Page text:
Bibliothèque nationale de France
The National Library of France, located in Paris, started out as Charles V's personal collection and was once housed in the Louvre. As Charles V expanded his collection, he made sure the works were meticulously cataloged and worked to have ancient texts translated into French. The collection was maintained by his son, Charles VI, but upon his death, the collection was sold to the English regent of France, the Duke of Bedford and was moved to England. While Charles VII could not recover the books, the invention of the printing press made it easier for him to begin a new collection in honor of his grandfather. Each subsequent monarch added to the collection, including a sizable increase in holdings upon the acquisition of Catherine de Medici's personal library.
In 1666, the library was moved to the Rue Vivienne. It opened to the public in 1692. After the French Revolution, the library grew to an impressive 300,000 books. Soon after, Napoleon took interest in the library, adding his own private collection and further increasing it with books acquired during his campaigns. In 1868, the library was moved to a new location in Rue de Richelieu and renamed the Imperial National Library.
In 1988, a new construction was proposed for the library. Planning itself took years, and the construction of the building was plagued with issues. The project went drastically over budget and faced numerous technological struggles. In 1996, construction of its current location was completed, though the Rue de Richelieu location is still in use to house certain collections. The mission of the library, in accordance to that of the Ministry of Culture, is to collect and house books published in France. In addition to its nearly fourteen million books, the library also houses coins, sheet music, maps, documents, letters, magazines, and digital collections, all available to the public. It is proudly open to anyone who has a need.
Bibliothèque de la Sorbonne
Sorbonne Library began as the College of Sorbonne's theology collection. The library was compiled by Jesuits in 1289, and when they left the university in the 1700s, they left the entire collection and buildings to the University of Paris. The library was disbanded during the French Revolution, and books were scattered between other libraries and private collectors. It was not until the revolution was over that the historical importance of the library was once again considered. New structures were built on the grounds of the no-longer-standing medieval buildings.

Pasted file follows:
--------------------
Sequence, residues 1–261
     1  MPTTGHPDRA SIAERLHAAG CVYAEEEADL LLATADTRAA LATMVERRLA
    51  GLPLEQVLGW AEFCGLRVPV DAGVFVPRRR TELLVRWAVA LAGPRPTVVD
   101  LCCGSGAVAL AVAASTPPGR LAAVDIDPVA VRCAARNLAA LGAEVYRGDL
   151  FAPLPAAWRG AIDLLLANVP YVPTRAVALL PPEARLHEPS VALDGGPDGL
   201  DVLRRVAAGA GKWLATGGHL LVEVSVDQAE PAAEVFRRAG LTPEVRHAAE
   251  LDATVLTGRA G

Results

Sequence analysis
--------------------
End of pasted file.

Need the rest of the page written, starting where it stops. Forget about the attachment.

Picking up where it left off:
In 1793, the library acquired several major collections during the closing and opening of numerous different educational institutions. While many books were given to the National Library of France, Sorbonne managed to confiscate and purchase a number of important books from the House of Montmorency and the Princes of Conde.
In 1823, the library moved across the Rue Saint-Jacques where it remains today, in a building known as the "new Sorbonne." It merged with the University of Paris Library in 1930, but those collections were transferred in 1970. In 1972, it merged with the Library of Art and Archeology, though this only lasted for only six years.
The library began working on restoration in 2010 which was completed in 2013, creating new galleries and reading rooms to house more patrons than ever before. Currently, the library houses 2.5 million volumes, both in French and foreign languages. The library has an impressive Richelieu collection, and it is known for its impressive ancient history collections, as well as philosophy and religious sciences. The holdings are organized into five sections: Law, Medicine, Letters, Sciences, and Pharmacy. It boasts over 13,000 members.
The Humanist Library of Sélestat
The Humanist Library of Sélestat in Alsace is one of the region's most treasured locations, featuring prominently in both its cultural preservation plans and its tourism endeavors. It is actually comprised of two libraries: The Library of the Humanist School and The Beatus Rhenanus Library. The Library of the Humanist School existed in its first form as the library of the Latin school in Alsace. In 1441, Ludwig Dringenberg was named master of the school. A humanist, Dringenberg instilled many of his ideals into the school and began to build up its library. His successors, also humanists, carried on his work, educating an entire generation of humanists and building up an impressive library with the aid of endowments from like-minded donors.
The other library, The Beatus Rhenanus Library, was given to the town at the time of his death. The collection was comprised entirely of rare and very limited production books, and at the time, it was considered both educationally and monetarily priceless. It is the largest Humanist library to remain in tact. While there were larger libraries of its kind, no collection is as complete as the one given to the town of Sélestat. In 1889, the libraries were combined under one roof.
Today, the library is open to the public only as a museum due to the delicate condition of the Renaissance documents. Scholars, however, may be granted access to the books. The library collection is comprised of an impressive two thousand incunabula, Renaissance era books, and prints, sculptures, and paintings.
-By Vincent Desjardins - Flickr: France, Paris : Bibliothèque nationale de France, site Richelieu, salle ovale 1897-1936, CC BY 2.0, retrieved here
-By Alexandre Dulaunoy from Les Bulles, Chiny, Belgium - La bibliothèque humaniste de Beatus Rhenanus / Humanist Library of Beatus Rhenanus, CC BY-SA 2.0, retrieved here